The John Lewis Partnership has a reputation for good customer service because its employees are actually partners in the business – they own it and have an interest in its success. Many customer service problems could be resolved if employees of the rail operators had a minority share interest and were seen as the company by their customers. As shareholders or partners employees could have a say in how the business is run, and a provision would be needed for this interest to transition at franchise change in parallel to a TUPE transfer.
Shared objectives and incentives
Effective joint working between operators and Network Rail needs the right incentives as well as the experience of an established management structure. This is difficult when senior management changes upon franchise change, just at the point when it is most needed. A standard model of joint working that can transition seamlessly across franchise changes is required, based on shared objectives of increased performance and cost efficiency with less focus on internal processes such as delay attribution. It is the delay that matters to the customer, not who caused it.
Currently Schedule 4 and 8 compensation payments from Network Rail are keeping many train operators afloat where fare revenue is below budget because of over-optimistic franchise bids and economic uncertainty.
A detailed analysis of the cost of this ‘trading’ between rail companies might reveal that it is a significant driver of rail industry costs and management focus. In some cases it may also encourage perverse behaviour which is not in the customer’s interests, for example by acceding to engineering possessions which result in unnecessary bus substitution. This suggests that compensation arrangements should be changed so that decisions are based on the service delivered to the customer rather than the financial benefit from compensation payments, and wasteful activity by train operating companies on attributing delay payments and detailed reporting to DfT is reduced.
None of this suggests combining operations and infrastructure into a regional structure helps, where new complexity replaces the current interfaces. The key here is simplifying the interfaces, increasing the customer focus, and allowing the operators to be responsive to devolved government.
Rebuild trust with passengers
The Autumn 2018 Transport Focus survey showed that passenger satisfaction with the railway has dropped to 79 per cent, the lowest level since 2008. 21 per cent of passengers are dissatisfied with their journey because of poor performance, strikes and the timetable fiasco. Railfuture has set a challenge to the rail industry – companies, Government and staff – to rebuild trust with passengers by fulfilling the ten key customer demands set out in our Rail Challenge 2019:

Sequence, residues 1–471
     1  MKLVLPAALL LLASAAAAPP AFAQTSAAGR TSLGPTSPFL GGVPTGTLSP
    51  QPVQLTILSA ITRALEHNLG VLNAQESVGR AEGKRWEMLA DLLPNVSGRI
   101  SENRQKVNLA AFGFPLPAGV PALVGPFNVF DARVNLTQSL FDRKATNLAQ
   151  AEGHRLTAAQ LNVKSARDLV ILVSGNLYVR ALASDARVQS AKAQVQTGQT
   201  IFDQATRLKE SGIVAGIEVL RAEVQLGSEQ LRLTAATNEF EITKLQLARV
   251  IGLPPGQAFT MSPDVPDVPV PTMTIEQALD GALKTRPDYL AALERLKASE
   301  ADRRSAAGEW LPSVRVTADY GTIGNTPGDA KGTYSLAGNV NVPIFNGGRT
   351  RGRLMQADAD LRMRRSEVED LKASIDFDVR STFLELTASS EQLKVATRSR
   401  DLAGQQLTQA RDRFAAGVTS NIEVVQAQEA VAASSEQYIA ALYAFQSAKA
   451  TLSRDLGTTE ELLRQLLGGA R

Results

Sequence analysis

Customer service – put rail users first, be proactive and responsive, keep promises and show you care.
Industrial relations – find solutions and sort it!
Punctuality – focus on operation. Seven day railway with no cancellations – reform rostering.
Fares and ticketing – a commitment by Government to move from RPI to CPI on regulated fares in January 2020, having retreated from this in January 2019. Information – provide help to passengers related to the train, service and stations that they are using.
Resilience – focus Network Rail investment on maximising resilience.
Projects – every programme must have an intelligent client and the necessary calibre of leadership with the authority and information to manage risk effectively.
Government working with devolved government – accelerate the
transfer of powers to devolved bodies such as Transport for the North and Transport for the southeast.
The Williams Rail Review – make tactical improvements in 2019 and sharpen performance incentives to focus all parties on performance delivery.
The railways have scored a lot of own goals in the past few years, for which Secretary of State Chris Grayling has taken a lot of stick. However, he has learnt from the experience and now deserves credit for realising, and convincing his civil servants, that Government should be clear about what it wants from the railways and how much money is available, but no more. The Department for Transport should not be micromanaging the railway.
The Williams Review has a very open remit to recommend how delivery and accountability should be implemented. In addition the Rail Delivery Group has recommended a sweeping reorganisation of the fares system, and the Office of Rail and Road has recommended that Network Rail should have a system integrator role on cross-industry programmes such as major timetable changes.
This system integrator role must have the necessary information and authority to ensure that systemic risks are identified and managed so that the scenario of ‘no-one was willing to give bad news upwards’ does not happen again. The direction of travel has changed.
Railfuture is Britain’s leading independent voluntary organisation campaigning for better rail services for passengers and freight on behalf of rail users